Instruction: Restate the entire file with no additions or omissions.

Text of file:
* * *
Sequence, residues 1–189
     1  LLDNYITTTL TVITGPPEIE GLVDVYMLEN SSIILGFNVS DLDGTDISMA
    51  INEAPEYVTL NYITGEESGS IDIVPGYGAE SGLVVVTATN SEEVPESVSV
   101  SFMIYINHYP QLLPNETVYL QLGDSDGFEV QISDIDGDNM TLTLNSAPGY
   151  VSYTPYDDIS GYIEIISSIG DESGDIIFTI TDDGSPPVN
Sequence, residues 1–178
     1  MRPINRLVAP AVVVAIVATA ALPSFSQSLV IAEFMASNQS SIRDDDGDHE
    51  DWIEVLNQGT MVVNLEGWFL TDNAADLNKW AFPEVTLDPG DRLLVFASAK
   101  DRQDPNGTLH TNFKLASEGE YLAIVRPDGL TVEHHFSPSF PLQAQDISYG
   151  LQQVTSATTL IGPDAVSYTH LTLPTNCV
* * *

Sequence, residues 1–189
     1  LLDNYITTTL TVITGPPEIE GLVDVYMLEN SSIILGFNVS DLDGTDISMA
    51  INEAPEYVTL NYITGEESGS IDIVPGYGAE SGLVVVTATN SEEVPESVSV
   101  SFMIYINHYP QLLPNETVYL QLGDSDGFEV QISDIDGDNM TLTLNSAPGY
   151  VSYTPYDDIS GYIEIISSIG DESGDIIFTI TDDGSPPVN
Sequence, residues 1–178
     1  MRPINRLVAP AVVVAIVATA ALPSFSQSLV IAEFMASNQS SIRDDDGDHE
    51  DWIEVLNQGT MVVNLEGWFL TDNAADLNKW AFPEVTLDPG DRLLVFASAK
   101  DRQDPNGTLH TNFKLASEGE YLAIVRPDGL TVEHHFSPSF PLQAQDISYG
   151  LQQVTSATTL IGPDAVSYTH LTLPTNCV